Drew Astolfi, a longtime organizer with Community Change, spoke with Prentiss Haney, co-director of the Ohio Organizing Collaborative (OOC), about his experiences in electoral and community organizing. Haney, who had initially dreamed of becoming a filmmaker, started down the road to organizing through the powerful invitations of organizers. Haney recalls: “I feel like my whole career as an organizer has been about powerful invitations for me to decide: Do I want to say yes to my own power?” Along the way, Haney established the Midwest Culture Lab, where he explored the intersection of arts and organizing. He joined the Ohio Organizing Collaborative in 2012 because he was searching for answers as to why his family was falling apart. Instead, he learned how to transform that pain into power. In 2019, he became the co-director of OOC. The organization plays a critical role in Ohio, engaging community leaders through multiple statewide constituency projects.

The interview has been edited and condensed.


Let’s start with your organizer origin story. It's the Marvel Comics question. How did you get to be the superhero organizer?

I think it really starts with my parents. I grew up in Dayton, Ohio, in a household of Black entrepreneurs. My mom has been a cosmetologist/beautician for over twenty years, and my dad has owned his own lawn care and landscaping business for almost thirty years now. And so I inherited an entrepreneurial spirit, which is key to being an organizer. You've got to be willing to go build things up and tear things down and be unafraid. 

As I was going to college to be a filmmaker, I started to see a shift in my family. My mom went from being able to take care of all these things to being angry and upset. What I didn't know at the time was that she was trying to figure out how to keep our house because it was the housing foreclosure crisis. I didn't understand what was going on, but I felt the impact of how my family was different. My cousin was put into the foster care system. What's going on with my grandmother? She can't take care of my cousins anymore? And I started to feel anger. And I started to feel shame because they felt shame. 

It wasn't until I picked up a clipboard and went to have a conversation with someone that I realized I could transform that shame into dignity. So I started off as a volunteer for the Senate Bill 5 fight. And then I met a really great organizer, Victoria Phifer. She leaned over this Obama 2012 table and asked, "Would you be interested in being an organizing fellow?" And I was like, "Uh, I don't know what that is, but I'm thankful you asked me."

We set up our first one-to-one. She knew I was searching for answers for what was going on in my community. She saw me. And so when I started to organize that summer, I started to understand more about the public policy choices that had been made over the last decade that had gotten our communities here.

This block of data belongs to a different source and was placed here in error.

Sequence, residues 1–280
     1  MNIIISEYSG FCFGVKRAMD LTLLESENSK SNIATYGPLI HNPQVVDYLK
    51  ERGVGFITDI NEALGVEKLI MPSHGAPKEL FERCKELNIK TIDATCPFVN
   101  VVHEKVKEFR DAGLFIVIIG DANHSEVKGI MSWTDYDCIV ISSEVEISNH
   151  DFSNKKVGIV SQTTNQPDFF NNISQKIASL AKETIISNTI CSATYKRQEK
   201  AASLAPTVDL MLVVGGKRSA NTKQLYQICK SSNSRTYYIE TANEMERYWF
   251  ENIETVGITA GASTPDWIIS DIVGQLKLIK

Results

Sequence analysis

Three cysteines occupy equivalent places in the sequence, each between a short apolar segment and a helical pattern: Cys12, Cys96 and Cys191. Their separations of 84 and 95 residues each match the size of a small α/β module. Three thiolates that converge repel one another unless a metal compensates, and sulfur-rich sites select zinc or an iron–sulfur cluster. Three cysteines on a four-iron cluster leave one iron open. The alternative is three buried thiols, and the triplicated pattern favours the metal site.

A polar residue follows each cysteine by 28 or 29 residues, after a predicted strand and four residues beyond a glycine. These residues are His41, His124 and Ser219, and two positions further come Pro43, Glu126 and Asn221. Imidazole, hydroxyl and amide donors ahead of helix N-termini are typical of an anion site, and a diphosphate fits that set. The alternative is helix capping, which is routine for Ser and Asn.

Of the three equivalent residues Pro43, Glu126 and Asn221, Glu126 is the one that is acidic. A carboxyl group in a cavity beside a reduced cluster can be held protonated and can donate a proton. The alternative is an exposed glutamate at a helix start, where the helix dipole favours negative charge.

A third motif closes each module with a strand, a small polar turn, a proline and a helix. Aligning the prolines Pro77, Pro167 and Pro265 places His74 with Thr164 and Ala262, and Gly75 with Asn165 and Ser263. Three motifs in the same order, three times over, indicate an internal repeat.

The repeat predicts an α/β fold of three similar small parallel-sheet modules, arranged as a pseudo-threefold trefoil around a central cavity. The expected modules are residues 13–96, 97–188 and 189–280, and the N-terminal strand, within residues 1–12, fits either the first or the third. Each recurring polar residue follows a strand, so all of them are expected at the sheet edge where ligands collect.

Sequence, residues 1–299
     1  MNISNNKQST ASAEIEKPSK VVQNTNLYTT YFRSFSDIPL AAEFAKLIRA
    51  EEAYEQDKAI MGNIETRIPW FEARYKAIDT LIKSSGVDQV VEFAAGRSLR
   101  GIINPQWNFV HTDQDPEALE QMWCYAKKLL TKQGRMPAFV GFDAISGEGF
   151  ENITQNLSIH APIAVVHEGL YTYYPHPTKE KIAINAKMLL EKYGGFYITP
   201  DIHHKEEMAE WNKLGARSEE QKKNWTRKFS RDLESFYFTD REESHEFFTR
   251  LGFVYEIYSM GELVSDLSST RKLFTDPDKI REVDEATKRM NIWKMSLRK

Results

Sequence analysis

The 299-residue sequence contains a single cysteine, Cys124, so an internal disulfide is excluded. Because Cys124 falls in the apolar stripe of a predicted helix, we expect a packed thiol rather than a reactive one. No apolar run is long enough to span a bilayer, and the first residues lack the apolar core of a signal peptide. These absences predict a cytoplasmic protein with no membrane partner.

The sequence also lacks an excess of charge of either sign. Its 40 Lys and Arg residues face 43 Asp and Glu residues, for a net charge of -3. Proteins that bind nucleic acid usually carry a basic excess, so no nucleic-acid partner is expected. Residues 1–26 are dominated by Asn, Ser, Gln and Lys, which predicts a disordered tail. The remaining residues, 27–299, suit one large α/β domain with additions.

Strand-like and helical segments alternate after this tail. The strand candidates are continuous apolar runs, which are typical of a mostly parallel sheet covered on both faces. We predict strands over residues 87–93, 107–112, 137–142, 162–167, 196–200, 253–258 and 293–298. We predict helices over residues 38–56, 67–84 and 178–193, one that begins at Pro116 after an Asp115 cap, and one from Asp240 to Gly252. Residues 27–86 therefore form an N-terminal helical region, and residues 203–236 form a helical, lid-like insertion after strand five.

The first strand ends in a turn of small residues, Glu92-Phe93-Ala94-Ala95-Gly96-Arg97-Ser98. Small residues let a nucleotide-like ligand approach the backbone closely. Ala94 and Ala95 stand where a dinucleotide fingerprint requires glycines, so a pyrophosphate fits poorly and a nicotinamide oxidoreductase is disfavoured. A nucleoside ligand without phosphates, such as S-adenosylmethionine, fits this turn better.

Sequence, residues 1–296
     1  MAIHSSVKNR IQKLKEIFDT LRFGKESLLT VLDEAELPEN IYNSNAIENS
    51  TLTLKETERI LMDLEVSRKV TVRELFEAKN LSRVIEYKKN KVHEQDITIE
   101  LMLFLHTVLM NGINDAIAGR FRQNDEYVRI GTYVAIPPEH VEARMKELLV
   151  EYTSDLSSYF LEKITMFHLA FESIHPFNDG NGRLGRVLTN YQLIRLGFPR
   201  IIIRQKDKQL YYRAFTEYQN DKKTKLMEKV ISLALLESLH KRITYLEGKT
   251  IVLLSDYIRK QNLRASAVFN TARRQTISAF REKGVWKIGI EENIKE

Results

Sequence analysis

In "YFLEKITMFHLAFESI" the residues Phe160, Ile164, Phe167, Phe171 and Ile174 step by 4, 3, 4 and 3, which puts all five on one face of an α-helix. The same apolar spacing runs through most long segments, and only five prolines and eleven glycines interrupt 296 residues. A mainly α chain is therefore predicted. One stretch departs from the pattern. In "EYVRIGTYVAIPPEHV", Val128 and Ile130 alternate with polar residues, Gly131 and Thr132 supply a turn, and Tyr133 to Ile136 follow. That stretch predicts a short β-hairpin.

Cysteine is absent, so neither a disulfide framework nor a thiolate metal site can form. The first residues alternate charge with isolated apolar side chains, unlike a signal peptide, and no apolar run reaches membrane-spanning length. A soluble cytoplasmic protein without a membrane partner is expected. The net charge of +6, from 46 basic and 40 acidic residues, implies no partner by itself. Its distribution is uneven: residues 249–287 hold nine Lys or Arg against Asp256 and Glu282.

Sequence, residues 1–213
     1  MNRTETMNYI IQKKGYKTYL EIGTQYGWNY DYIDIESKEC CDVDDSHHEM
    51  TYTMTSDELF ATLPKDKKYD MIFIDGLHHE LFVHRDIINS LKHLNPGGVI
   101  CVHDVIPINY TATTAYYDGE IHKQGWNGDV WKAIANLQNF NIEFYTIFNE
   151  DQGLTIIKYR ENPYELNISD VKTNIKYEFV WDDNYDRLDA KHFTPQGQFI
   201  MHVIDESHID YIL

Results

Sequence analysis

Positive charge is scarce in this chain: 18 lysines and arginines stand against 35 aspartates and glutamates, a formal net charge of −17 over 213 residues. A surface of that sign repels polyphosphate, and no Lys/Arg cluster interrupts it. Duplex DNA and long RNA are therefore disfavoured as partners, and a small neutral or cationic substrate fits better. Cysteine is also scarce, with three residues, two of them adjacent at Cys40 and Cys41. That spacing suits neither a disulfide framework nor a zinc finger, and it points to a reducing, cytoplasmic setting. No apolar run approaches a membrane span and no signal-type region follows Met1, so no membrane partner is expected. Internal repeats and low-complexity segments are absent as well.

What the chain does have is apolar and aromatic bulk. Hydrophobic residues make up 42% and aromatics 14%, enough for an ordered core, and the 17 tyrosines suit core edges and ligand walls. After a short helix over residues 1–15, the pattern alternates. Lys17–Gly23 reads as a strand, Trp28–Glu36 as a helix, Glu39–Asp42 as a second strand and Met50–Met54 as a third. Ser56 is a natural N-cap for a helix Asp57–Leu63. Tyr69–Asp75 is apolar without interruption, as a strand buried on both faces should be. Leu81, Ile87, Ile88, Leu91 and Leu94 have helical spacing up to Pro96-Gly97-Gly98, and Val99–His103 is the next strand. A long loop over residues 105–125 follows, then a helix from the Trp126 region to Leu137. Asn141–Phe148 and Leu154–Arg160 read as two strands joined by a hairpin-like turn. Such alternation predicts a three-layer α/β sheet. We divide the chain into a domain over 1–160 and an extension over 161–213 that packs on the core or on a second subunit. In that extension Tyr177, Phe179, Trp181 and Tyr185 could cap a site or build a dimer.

After the campaign was over, I began to organize around police brutality on campus. A student organizer, Meredith from Ohio Student Association, had a different type of one-to-one with me. She listened to my story, listened to what I was ready to fight for, and she asked me how I wanted to build a powerful institution and actually make a dignified choice around power. It was the first time I felt fully seen...not only could I do something, but I could actually build something with other people. And that's when I really understood community organizing. Not just, somebody's got a good pitch and they mobilize it, but someone saw me and invited me to be a part of something powerful and be a member of it, to co-create. And that invitation changed my life.

I feel like my whole career as an organizer has been about powerful invitations for me to decide: Do I want to say yes to my own power? Do I want to stand in my own dignity? Do I want to actually see what I could become if I say yes? Every time someone asked me something powerful and I said yes, I've gotten way more than I have given. 


You’ve mentioned how powerful invitations have shaped your life. Could you tell us a bit more about powerful invitations? 

What makes an invitation powerful is when the person who's giving the invitation is clear about the potential they see in you. They are not afraid of naming the shame and making clear that it doesn't have to be in your way if you choose to walk away from it. They authentically give you a choice to say yes or no about where you want to go with your power in your life. So much of public life for so many people is stripping people of their own agency. They feel like they don't have power over their lives or they don't have enough money or resources or they're regulated in this way and that way and so there's all these stories about how you can't. You can't do this. You can't do that. You can't demand this or do that.

And so just reminding people, you have a power path. Every time I've actually constructed a powerful invitation for someone and let it sit there, whether they say yes or no, I saw that they've changed because of that conversation.


OOC has long been such a powerful organization. Where are you now and where are you headed?